Every organization is an evolutionary system, constantly adapting to its environment.
“It is not the most intellectual of the species that survives; it is not the strongest that survives; but the species that survives is the one that is able best to adapt and adjust to the changing environment in which it finds itself.”
This is a quote from business management professor Leon C. Megginson, inspired by Charles Darwin’s “Origin of Species.” Biological analogies are often used in economics, especially when explaining how organizations emerge, evolve and either thrive or fail.
Today, in the age of globalization and digitization, the adaptability of a company is mainly determined by the flexibility and agility of its IT. Starting from its original supportive role, IT has evolved into a central, unifying part of the enterprise – it is the nervous system that has to adapt to internal and external influences more rapidly than ever before.
If IT is not able to do this quickly enough, the long-term survival of the organization will come into question. One of the essential elements to making an organization more efficient and flexible is having dynamic business rules.
Every company has business policies and standards that provide guidelines on what managers and employees can and cannot do in order to achieve business goals. In most cases such policies are abstract and not really actionable. Business rules are often derived from these policies; making them very specific, understandable and - most importantly - actionable. They provide clear guidance on what to do and what not to do in specific situations.
For many years, rules have been used in business applications. Once defined by subject matter experts, they have been initially implemented in the code by IT developers in form of “If-Then” statements spread across the application. But, due to various internal and external influences (market and business requirements, legal regulations, company policies), business rules tend to change often. So the problem with embedded rules is that changing them requires changing the code and redeploying the whole application. Since the need to adjust the rules comes up more often than the need to change the application itself, this approach is not very efficient. It requires IT developer resources, even in the case of minor changes, and it is time-consuming.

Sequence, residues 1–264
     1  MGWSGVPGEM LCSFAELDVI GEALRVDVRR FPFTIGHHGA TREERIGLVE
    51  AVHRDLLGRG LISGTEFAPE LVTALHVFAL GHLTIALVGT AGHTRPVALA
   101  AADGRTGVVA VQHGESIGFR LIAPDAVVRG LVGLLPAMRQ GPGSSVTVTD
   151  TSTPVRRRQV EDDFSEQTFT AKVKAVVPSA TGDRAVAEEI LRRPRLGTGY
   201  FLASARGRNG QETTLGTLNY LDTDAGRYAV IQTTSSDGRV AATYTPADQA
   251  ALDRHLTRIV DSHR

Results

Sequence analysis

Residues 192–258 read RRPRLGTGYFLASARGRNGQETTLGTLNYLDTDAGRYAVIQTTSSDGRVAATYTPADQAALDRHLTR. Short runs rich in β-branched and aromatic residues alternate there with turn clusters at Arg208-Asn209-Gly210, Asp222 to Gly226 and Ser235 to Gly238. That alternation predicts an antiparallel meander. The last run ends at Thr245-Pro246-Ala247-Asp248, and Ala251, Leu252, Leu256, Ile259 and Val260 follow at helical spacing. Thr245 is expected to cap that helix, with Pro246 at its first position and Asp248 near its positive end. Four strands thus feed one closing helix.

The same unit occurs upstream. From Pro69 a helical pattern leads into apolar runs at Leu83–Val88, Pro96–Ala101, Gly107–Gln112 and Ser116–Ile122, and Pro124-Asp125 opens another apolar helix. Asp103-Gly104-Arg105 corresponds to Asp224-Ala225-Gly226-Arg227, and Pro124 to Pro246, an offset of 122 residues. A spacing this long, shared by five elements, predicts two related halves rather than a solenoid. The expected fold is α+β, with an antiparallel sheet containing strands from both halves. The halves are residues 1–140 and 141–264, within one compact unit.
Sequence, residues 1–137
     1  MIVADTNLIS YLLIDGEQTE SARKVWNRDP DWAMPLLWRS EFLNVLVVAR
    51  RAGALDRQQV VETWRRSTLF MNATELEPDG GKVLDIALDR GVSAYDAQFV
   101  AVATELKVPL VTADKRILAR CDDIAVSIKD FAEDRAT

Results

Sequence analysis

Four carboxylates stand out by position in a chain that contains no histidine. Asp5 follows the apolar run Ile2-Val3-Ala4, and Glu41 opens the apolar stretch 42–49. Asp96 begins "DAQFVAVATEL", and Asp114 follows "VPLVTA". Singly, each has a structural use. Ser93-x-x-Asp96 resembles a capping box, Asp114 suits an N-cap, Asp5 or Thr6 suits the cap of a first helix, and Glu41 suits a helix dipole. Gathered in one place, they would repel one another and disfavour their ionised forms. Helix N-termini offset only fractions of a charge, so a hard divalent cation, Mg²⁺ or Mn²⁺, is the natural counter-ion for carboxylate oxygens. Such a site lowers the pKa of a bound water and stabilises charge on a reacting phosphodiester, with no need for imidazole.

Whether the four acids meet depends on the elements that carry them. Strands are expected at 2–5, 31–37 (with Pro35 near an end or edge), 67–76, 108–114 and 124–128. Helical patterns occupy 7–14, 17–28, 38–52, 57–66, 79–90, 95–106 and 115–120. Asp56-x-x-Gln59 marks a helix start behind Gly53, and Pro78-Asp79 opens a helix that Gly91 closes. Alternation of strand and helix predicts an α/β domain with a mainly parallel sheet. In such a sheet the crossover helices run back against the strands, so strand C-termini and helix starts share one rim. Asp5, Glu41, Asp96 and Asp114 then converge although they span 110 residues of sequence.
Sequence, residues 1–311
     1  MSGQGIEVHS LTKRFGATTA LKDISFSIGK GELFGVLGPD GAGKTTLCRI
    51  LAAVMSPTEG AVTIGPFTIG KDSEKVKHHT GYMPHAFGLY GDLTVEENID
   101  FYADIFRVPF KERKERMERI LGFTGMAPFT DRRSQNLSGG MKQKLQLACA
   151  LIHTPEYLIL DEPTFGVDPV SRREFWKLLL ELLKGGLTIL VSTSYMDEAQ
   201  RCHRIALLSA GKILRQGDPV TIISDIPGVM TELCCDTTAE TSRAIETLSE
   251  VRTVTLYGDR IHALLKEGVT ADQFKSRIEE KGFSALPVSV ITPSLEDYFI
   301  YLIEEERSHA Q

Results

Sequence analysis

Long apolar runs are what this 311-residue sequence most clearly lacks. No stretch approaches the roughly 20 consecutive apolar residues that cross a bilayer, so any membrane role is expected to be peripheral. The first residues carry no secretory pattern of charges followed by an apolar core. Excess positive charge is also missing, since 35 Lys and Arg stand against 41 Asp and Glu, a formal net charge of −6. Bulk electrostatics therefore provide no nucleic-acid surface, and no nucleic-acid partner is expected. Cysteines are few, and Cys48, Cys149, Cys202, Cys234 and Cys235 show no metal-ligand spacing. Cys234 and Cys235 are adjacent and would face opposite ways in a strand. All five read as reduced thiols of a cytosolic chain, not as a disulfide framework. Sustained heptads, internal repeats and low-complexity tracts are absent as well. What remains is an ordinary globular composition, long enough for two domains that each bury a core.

A business rules approach aims to leverage business rules in a more efficient and flexible way. It extracts rules from the application code making them separated, dynamic entities that can be applied and executed across applications and business processes.
Using Business Rules Management Systems (BRMS), subject matter experts can define, test and maintain the rules without having to involve IT for every minor change. BRMS provides them with the ability to adjust the behavior of applications or business process without changing the application code or the process design itself. By allowing the business to keep the ownership and change rules effectively, the business rules approach and BRMS are essential elements to increasing business agility and improve adaptability.
Interested to learn more about Business Rules capabilities of Software AG`s Digital Business Platform?
Join us for a demonstration of how to create and manage dynamic decision entities using webMethods Business Rules and how to leverage them in webMethods Integration and BPM projects. Click here to register for a live webinar!